# Assembly - NASM Factorial issues

Hi I am writing a factorial function in Assembly using NASM. I have to use russian multiplication in place of the mul for my assignment. I am using 32 bit linux

Here is my Factorial code

``````section .text
global factorial
extern rpmult

factorial:
push    ebp
mov     ebp, esp
sub     esp, 4 ;creates memory for local variable at ebp-4
mov     esi, [ebp+8] ; put n in esi
cmp     esi, 1 ; n <= 1

.try:
mov     [ebp-4],esi ;adds n temporarily into ebp-4
dec     esi ; n - 1
push    esi ; push arugment
call    factorial ;call factorial again stores result in esi
add     esp, 4 ;gets rid of the argument

mov     edi, esi ;copies n - 1 into edi
mov     esi,[ebp+4] ;gets the original value back (n)
call    rpmult ;multiply
jmp     .done ;once it reaches here, finished the function

.done:
mov     esp, ebp ;restores esp
pop     ebp
ret     ;return the value
``````

Here is my rpmult code:

``````section .text

global rpmult

rpmult:
push    ebp
mov     ebp, esp
sub     esp, 4     ;allocate m

mov     dword [ebp-4], 0   ; m = 0;
.while:
test    edi, edi   ; x == 0?
je      .done
test    esi, esi   ; y == 0?
je      .done

test    edi, 0x01  ; x is odd?
jz      .shifts
add     [ebp-4], esi   ; m += y;

.shifts:
shr     edi, 1     ; x >>= 1;
shl     esi, 1     ; y <<= 1;
jmp     .while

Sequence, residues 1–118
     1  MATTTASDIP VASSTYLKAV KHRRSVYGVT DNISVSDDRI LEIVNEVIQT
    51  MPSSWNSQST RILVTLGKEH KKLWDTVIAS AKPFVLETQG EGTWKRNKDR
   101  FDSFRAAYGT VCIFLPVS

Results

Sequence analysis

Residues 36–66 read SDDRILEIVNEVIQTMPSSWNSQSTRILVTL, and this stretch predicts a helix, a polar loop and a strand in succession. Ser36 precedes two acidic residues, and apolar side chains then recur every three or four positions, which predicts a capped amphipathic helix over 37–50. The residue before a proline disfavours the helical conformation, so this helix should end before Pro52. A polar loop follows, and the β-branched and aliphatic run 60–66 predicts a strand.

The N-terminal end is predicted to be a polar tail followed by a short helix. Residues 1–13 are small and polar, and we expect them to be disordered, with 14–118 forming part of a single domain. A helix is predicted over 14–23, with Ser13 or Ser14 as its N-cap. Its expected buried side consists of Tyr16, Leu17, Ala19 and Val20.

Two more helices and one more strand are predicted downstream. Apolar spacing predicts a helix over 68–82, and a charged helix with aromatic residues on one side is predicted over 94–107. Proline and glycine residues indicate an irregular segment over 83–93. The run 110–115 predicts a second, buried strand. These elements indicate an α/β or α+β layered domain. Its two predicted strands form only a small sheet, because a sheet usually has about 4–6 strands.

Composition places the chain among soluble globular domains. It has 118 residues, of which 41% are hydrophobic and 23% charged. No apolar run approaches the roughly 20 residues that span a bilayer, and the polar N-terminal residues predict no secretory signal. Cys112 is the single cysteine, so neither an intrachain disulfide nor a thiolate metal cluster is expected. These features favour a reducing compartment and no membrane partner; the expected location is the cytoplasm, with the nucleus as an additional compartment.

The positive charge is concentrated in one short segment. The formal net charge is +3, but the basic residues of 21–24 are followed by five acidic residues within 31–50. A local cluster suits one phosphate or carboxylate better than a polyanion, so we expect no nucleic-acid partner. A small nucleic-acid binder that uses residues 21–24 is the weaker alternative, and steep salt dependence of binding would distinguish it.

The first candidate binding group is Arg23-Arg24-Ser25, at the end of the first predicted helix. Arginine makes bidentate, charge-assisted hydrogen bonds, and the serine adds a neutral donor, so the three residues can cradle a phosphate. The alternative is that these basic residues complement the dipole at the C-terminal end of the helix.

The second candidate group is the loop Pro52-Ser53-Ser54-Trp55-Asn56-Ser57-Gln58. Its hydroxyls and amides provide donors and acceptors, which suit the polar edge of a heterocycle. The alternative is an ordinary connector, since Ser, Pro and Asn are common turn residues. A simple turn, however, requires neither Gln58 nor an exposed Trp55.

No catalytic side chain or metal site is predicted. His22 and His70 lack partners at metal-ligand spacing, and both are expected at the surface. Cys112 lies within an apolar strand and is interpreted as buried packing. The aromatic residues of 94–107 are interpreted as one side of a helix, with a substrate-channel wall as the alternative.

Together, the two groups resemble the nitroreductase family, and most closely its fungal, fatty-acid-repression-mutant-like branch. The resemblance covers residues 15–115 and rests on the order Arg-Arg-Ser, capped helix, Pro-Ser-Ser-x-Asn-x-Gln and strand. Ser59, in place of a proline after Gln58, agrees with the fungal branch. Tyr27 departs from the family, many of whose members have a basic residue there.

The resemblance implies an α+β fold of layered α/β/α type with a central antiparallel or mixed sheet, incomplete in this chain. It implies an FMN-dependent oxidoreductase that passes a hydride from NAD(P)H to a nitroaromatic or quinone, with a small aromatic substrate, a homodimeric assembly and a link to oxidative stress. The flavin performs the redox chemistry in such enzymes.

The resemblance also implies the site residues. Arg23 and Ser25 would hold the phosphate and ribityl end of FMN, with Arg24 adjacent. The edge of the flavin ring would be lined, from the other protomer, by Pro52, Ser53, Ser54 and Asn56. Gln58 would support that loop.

.done:
mov     eax, [ebp-4]
;mov    esp, ebp
;pop    ebp
leave
ret
``````

When I use the function through a C program, say the factorial of 4! I get

``````4! = 13803416593125867520
``````

I believe my code is right, but I have no idea what to do. I need to get the factorial function working with the rpmult function for my final. Any help is appreciated! Thanks!

-
Step through the program under GDB ;) –  paulsm4 Dec 10 '11 at 1:33
I've tried changing the offsets from 4 to 8 in ebp. I still can't get it to work. –  Rhithik Dec 10 '11 at 2:10
In rpmult, you're returning the value in eax, while in factorial you're expecting it in esi. Return it in eax and copy it to edi after the call to factorial. –  lloydm Dec 10 '11 at 6:02

(Note: I've rewritten this answer, after looking at it again while I'm more awake, and having read @lloydm's comment.)

There are three problem areas:

### 1) The base case of the recursion

When debugging recursive functions, it's always sensible to check the base case first.

So what happens when calculating `1!`?

``````factorial:
push ebp
mov ebp, esp
sub esp, 4 ;creates memory for local variable at ebp-4
mov esi, [ebp+8] ; put n in esi
cmp esi, 1 ; n <= 1
...
.done:
mov esp, ebp ;restores esp
pop ebp
ret ;return the value
``````

There are two issues here already:

1. You're expecting this code work correctly when called from C, which means that you need to follow the usual calling convention (which for Linux with gcc means "cdecl" - see http://en.wikipedia.org/wiki/X86_calling_conventions). So you need to preserve `esi`, `edi`, `ebp` and `ebx`. But this code is overwriting whatever was in `esi`. This will lead to unpredictable behaviour when the function is called from C, because the code generated by the C compiler will assume that whatever was in `esi` before `factorial` was called is still there when it returns. You can only use these registers if you save their values somewhere first (and restore them before returning).